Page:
The Reader Review
The Melkweg, Amsterdam - 16 August 1999
When we arrived at the club (an old dairy factory, thus the name "Melkweg" or "Milkyway"), I immediately spotted cables running to the mobile recording studio parked beside the building. This meant the gig got recorded, but by who?
Inside the venue, we settled on the rightside balcony, where we had a marvelous view of the stage and beyond! From there we spotted several microphones pointing to the audience-side, so we were assured the studio was there for Supergrass. My girlfriend Kim spotted two camera's on each side of the light controls, which were situated at the balcony in the back of the hall. So the show got video-taped as well?? What for? A video-clip? A Live Video?? An evaluation tape???
The support-act was Dutch band 'Paddington', who played what was best described as a mixture of Grunge and Blondie punkpop apart from their new single, which sounded entirely different! Despite being talented, they started to bore after 3 songs and they played for far too long. The only funny things were a keyboard-player rattling his tambourine far beyond the reach of the microphone and a girl singing backing vocals which couldn't be heard.
After the stage had been prepared for Supergrass, I spotted Danny looking through a door just behind the stage, the lights dimmed and the band blasted off in a raunching version of 'Lenny', followed by 'Strange Ones' and 'Mansize Rooster', with the usual slower parts on the CD's not present! In the meantime, two cameramen swirled around the stage, like starved bees circling around a jug of honey.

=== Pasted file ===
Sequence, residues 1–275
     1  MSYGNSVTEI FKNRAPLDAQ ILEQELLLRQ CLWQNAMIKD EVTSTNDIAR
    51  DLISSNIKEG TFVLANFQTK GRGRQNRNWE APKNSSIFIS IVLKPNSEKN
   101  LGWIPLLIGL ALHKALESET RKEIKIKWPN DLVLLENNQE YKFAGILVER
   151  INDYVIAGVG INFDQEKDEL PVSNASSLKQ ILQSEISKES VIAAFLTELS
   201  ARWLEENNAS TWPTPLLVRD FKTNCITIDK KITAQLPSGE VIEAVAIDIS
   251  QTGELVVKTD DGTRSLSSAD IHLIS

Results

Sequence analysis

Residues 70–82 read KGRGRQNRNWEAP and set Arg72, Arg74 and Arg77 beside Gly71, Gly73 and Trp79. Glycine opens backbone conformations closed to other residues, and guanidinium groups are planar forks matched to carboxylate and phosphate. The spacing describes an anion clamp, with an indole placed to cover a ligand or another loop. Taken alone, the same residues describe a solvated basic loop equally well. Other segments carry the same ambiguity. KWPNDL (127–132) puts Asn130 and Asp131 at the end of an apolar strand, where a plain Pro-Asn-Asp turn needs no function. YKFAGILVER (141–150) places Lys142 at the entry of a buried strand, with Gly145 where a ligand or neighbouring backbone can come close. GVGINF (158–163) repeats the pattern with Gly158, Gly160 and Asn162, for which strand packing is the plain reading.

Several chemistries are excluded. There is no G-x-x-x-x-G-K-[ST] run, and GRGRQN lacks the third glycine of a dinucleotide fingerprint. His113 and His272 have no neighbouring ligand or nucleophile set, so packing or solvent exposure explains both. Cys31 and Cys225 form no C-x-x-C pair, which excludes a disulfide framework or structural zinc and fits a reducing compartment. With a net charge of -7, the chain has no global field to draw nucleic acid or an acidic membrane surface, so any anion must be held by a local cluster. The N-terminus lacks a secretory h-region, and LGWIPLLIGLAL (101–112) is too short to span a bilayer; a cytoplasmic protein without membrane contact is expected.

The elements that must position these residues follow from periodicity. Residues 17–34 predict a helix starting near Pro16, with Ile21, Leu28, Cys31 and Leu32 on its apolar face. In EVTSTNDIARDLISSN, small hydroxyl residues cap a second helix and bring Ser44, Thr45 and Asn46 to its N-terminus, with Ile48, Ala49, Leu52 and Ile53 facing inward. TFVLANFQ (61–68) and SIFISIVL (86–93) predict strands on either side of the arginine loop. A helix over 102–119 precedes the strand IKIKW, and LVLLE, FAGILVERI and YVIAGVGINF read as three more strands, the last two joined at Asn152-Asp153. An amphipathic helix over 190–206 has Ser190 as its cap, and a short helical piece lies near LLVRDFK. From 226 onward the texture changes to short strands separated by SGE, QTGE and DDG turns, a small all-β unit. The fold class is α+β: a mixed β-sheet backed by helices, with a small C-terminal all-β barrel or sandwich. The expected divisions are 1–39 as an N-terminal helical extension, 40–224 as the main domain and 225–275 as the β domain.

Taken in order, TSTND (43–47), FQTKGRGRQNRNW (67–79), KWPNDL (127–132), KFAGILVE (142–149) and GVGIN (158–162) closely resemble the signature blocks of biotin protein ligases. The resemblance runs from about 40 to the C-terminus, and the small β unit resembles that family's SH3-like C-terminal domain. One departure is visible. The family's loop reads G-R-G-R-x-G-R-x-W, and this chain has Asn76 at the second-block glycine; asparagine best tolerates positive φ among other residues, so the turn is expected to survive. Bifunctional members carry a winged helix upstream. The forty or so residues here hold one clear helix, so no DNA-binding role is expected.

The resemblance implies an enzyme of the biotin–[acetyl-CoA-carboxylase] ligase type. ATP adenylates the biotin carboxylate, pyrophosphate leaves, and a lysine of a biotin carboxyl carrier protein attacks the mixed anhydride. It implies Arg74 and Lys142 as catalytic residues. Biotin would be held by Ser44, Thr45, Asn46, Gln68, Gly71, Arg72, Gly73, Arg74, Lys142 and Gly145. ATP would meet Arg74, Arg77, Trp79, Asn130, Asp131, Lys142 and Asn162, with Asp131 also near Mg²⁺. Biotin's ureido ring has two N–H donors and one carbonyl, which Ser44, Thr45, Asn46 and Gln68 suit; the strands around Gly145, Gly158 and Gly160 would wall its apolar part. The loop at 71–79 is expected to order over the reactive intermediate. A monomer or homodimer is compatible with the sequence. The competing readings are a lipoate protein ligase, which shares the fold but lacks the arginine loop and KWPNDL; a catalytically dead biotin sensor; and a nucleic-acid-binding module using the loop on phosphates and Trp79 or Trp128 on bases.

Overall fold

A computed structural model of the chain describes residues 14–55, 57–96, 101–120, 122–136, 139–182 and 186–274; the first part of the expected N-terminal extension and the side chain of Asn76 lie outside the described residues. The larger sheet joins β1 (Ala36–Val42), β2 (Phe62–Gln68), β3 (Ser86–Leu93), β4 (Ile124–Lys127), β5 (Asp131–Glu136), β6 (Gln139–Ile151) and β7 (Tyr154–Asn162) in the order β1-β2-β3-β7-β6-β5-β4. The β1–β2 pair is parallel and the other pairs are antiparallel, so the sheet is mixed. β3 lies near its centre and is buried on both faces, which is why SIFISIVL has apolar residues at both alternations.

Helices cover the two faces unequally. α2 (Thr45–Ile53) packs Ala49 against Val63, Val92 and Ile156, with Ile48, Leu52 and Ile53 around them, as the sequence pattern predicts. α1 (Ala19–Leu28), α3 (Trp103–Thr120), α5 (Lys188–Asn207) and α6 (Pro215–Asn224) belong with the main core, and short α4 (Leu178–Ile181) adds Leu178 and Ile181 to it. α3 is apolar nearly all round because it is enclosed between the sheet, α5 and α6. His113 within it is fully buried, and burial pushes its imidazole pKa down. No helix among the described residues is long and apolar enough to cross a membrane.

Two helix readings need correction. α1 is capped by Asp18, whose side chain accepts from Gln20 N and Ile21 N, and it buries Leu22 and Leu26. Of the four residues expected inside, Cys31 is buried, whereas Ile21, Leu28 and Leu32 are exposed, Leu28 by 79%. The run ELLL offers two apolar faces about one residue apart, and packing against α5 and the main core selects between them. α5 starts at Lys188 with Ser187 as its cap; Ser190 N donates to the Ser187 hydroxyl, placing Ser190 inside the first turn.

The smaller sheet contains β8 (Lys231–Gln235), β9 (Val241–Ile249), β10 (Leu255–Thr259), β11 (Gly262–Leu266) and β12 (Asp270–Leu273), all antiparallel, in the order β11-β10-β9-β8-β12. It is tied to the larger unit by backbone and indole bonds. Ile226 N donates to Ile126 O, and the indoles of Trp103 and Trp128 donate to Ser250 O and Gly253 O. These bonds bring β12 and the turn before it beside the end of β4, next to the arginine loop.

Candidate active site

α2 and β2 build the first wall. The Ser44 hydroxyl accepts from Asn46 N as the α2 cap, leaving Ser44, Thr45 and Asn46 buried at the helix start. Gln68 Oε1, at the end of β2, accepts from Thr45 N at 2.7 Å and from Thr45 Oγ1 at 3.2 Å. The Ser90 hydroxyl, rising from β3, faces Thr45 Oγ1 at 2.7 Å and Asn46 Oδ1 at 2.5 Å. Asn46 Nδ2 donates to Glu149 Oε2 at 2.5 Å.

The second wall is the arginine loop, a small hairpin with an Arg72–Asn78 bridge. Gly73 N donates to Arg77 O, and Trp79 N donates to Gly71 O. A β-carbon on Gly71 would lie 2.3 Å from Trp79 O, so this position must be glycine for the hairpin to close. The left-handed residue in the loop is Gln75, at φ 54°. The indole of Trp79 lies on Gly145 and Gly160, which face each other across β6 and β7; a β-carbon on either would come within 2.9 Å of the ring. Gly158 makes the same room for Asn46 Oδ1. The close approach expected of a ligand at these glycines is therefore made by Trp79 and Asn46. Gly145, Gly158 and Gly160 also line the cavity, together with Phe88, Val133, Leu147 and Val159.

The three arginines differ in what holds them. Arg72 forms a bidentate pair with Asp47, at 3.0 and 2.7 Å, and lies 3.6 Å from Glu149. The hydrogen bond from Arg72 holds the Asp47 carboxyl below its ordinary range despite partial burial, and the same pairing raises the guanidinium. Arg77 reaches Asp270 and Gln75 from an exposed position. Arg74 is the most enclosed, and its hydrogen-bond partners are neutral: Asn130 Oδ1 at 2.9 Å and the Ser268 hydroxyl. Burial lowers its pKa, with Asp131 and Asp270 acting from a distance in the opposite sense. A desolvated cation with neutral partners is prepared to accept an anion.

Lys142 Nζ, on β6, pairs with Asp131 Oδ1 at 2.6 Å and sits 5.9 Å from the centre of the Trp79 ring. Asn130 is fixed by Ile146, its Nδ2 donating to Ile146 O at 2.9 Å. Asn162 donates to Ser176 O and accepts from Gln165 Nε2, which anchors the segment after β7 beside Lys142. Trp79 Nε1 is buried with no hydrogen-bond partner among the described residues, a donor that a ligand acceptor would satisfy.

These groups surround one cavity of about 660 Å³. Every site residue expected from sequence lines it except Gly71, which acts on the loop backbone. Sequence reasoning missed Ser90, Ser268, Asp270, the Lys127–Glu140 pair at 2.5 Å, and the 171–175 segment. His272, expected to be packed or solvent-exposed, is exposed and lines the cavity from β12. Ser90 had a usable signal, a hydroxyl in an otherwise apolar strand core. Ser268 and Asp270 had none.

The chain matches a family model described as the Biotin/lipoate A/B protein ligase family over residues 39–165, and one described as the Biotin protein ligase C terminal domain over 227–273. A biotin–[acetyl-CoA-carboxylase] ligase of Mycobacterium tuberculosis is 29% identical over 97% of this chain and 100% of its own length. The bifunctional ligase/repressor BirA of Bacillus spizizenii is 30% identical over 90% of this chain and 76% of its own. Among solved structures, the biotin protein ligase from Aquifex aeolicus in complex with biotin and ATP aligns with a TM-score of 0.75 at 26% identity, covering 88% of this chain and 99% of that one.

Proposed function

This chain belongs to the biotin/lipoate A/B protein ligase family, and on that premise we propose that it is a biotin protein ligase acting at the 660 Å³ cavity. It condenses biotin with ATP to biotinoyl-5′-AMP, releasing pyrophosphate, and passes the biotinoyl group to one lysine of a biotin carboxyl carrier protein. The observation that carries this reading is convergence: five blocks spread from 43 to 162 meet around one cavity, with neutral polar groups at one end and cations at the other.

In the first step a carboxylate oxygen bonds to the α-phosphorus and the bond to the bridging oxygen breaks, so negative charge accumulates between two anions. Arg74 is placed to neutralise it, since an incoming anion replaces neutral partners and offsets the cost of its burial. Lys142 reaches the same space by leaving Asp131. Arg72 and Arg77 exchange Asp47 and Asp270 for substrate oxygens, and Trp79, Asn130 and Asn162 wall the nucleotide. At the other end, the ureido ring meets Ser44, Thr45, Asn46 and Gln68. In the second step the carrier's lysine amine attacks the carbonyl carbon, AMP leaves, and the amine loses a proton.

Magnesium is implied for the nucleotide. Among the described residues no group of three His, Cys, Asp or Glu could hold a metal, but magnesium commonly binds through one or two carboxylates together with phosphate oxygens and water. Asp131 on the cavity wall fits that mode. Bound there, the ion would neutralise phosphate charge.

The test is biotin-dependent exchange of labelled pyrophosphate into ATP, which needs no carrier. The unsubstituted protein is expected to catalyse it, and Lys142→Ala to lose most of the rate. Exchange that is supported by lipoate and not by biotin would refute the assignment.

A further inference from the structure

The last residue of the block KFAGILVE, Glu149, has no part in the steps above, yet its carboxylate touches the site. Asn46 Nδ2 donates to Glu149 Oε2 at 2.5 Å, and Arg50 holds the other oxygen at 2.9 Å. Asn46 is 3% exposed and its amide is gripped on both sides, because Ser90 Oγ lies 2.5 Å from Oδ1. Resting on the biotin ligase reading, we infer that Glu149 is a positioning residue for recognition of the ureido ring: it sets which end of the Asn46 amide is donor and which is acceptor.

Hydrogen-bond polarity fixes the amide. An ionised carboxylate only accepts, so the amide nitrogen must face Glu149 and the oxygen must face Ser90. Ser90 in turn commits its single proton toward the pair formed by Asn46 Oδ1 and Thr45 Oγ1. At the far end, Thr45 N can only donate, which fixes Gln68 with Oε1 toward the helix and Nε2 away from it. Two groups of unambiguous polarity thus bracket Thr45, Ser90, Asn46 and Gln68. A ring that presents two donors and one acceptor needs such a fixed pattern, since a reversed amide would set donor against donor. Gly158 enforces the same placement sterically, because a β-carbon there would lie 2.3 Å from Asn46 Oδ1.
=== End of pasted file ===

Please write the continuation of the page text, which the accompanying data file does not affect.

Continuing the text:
"These three songs came from our first album," said Gaz and then they played new song 'Mary', which started with a solid, Motownish ballad, but became powerful and poppy once underway. Then 'Alright' came, followed by 'Out Of The Blue', which had some similarities in sound. Great!
New single 'Moving' was next and showed a poppy new sound, which I must get used to. Then on to 'Lose It', where technical problems struck! Gaz' guitarplug jumped from his effects rack, so it stopped making sounds. While a roadie replugged the guitar, the soundman put some echo over Gaz' voice, after which the gig continued like nothing had happened with 'Late In The Day'.
A great version of 'Pumping On Your Stereo' was followed by the easy-going 'Faraway'. This is some kind of ballad with fierce guitar lines in it. Brilliant! 'Sun Hits The Sky' was flowing into 'Going Out', which was incredibly good.
After a few minutes of darkness, noises and calls from the audience, the band returned for the encore, which started with 'It's Not Me'. Then Gaz asked if the audience wanted to hear some heavier stuff, which launched the final song: A rocking version of 'Caught By The Fuzz'. Then Gaz dropped his guitar and the show was over!
What I liked so much, was seeing the band not changing over the years. Their stage-act is still the same as it was in 1995: Simple, no complicated stage-shit like lightshows, backgrounds, stage-acting or extravagant clothing to mask their sweating (Rob was soaked after 'It's Not Me'), but almost shy and in touch with the audience (which danced to all the known songs, really listened to the new ones and pogoed during 'Caught'). A much nicer kind of show than others I've seen.
Their sound is now more poppy, but this doesn't mean lesser than it used to be. Still Supergrass, but evolved. I can't wait to hear their new album!
Leo Hoek van Dijke - 20 August 1999